This arrangement and association of components materially increases the neutron flux available without materially increasing the uranium inventory. Figure 3 compares the power coefficients for normal operation of existing water boiler type reactors with appreciable radiolytic gas production to the boiling condition when most of the gas is water vapor. Curve 70 of Figure 3 is a plot of the amount of water vapor in terms of equivalent grams of U loss and the loss in reactivity i.e., percent of K/K. It is apparent from curve 70 that the amount of evolved vapor rises rapidly at the lower power operation but increases at a lower but steadily increasing rate at higher 5 power levels. Curve 71 is a plot of equivalent grains U and percent 'eK/K for various equivalent power levels. Curve 71 rises more rapidly than cur e -70"at lower power levels, thereby indicating that radiolytic gas initially has a more severe efie'ct upon the reactivity'tlian vapor production due to the smaller initial bubble size ofthe radiolytic gas. However, as can be seen by the upper extrapolation portion 72 of curve 71, radiolytic gas has a similar effect to vapor at the higher power 'Ievelswlre'nthe'bubble "sizes become comparable. Thus, the effect of vapor and radiolytic bubbles in the liquid fuel is not a limitation on the power'level as had pre- 'viously beenconsidered,"and it is therefore apparent that the order of a 10-fold increase in power density and neutron flux may be attained,'pr'ovided the gas handling and region the solution-gas interface area is increased by a factor of three at operating temperatures, thereby reducing the velocity of the evolved gases and making it possible to direct their flow into spray condensing channel 40 of greatly increased surface area. The utilization of coolant water container 27 makes it possible to create a wash-back action in the spray condensing channel 40, aids in the condensation of recombined gases in reflux condensing channel 35, and provides a cool surface adjacent the solution surface to materially aid in preventing the loss of uranium from the solution. Further, the coolant container 27 furnishes a shield between the critical region and the inlet and outlet manifolds of the reactor and the control rod apparatus located above the reactor and provides a region for irradiation purposes. The gas circulation rate is increased by a facture of 20, thereby making it possible to operate at substantially higher power densities.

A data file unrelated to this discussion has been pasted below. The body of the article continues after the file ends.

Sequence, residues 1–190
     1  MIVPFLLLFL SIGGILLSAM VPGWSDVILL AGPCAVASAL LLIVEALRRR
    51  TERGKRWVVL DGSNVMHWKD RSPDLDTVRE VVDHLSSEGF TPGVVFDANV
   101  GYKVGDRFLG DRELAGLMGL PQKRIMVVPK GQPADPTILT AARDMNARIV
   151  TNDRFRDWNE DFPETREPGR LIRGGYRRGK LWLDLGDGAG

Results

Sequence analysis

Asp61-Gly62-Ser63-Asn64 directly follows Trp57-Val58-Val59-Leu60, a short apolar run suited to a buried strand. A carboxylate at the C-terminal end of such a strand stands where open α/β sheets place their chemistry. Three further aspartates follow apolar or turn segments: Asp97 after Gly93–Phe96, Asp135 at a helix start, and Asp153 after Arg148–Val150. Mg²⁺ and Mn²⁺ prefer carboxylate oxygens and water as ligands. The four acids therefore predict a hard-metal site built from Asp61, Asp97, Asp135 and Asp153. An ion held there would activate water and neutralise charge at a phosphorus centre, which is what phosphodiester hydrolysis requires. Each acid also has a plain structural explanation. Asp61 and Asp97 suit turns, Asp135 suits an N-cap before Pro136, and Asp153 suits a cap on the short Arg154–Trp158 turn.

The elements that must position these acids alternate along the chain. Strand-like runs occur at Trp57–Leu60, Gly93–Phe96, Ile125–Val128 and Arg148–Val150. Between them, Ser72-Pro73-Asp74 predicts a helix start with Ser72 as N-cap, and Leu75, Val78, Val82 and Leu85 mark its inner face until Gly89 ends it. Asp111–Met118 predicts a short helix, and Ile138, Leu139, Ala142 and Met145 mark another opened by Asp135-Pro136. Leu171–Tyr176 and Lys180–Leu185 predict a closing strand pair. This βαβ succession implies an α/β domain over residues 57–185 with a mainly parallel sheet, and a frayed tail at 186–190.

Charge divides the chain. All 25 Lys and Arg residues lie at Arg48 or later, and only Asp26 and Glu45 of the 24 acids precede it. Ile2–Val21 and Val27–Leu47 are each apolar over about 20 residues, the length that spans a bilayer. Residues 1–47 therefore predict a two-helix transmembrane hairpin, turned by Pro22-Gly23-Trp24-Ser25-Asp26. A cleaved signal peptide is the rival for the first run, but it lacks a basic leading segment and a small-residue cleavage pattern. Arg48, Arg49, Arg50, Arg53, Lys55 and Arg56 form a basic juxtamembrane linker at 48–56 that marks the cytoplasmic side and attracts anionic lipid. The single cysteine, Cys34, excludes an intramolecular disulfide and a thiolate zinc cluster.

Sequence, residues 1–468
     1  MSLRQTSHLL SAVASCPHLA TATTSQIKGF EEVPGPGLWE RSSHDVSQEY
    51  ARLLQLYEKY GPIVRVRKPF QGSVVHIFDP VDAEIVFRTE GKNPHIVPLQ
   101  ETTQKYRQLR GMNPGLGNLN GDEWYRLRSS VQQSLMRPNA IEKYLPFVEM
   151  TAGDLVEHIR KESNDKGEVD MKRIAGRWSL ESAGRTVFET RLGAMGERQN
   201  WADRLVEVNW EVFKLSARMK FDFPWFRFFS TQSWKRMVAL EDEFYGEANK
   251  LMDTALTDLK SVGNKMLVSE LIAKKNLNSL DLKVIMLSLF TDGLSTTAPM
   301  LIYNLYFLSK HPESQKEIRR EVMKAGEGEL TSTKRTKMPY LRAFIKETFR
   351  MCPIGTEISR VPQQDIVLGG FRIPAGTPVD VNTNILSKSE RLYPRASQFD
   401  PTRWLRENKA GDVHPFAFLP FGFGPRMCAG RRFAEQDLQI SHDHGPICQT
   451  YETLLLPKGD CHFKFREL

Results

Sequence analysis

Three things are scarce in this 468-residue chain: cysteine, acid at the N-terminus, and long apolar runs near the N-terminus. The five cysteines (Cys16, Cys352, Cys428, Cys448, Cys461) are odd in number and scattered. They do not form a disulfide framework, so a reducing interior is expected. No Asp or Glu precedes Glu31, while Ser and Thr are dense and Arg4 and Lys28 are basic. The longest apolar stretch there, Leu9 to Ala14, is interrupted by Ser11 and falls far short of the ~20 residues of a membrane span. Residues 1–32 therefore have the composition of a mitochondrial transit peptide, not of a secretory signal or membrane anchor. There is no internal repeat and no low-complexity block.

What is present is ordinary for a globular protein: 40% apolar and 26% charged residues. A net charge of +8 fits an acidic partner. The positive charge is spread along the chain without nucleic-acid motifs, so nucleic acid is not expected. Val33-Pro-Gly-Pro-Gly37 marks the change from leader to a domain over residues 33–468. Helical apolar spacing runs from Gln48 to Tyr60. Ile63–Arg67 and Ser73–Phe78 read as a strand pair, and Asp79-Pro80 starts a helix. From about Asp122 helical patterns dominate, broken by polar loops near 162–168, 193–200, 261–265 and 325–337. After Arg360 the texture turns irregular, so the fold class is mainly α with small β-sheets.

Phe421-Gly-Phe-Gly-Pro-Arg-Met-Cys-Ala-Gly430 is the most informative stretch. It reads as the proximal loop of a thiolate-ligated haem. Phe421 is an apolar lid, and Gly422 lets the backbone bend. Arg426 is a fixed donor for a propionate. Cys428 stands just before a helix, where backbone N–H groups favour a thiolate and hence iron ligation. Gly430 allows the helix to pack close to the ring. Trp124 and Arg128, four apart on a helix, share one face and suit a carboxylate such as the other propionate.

The spiral cooling coil 36 and coolant container 27 of the reflux condensing channel 35 aid in condensing water vapor by providing a larger surface area. The batfie 42 directs the gases outwardly, which aids in sweeping evolved gases toward the spray condensing channel 40 and minimizes evaporation and disturbance of the liquid surface.

The coolant jacket 16 has a double function. The upper portion of the jacket aids the condensing of water vapor in spray condensing channel 40. Thus, the spray condensing channel 40 has an outer cooled surface, i.e., the vessel wall cooled by jacket 16, and an inner cooled surface, i.e., the wall of container 27, and, further, has heat exchanger inlet pipes 25 which carry cool water. Further, coolant jacket 16 provides a means for keeping the reflector surrounding the critical region at room temperature.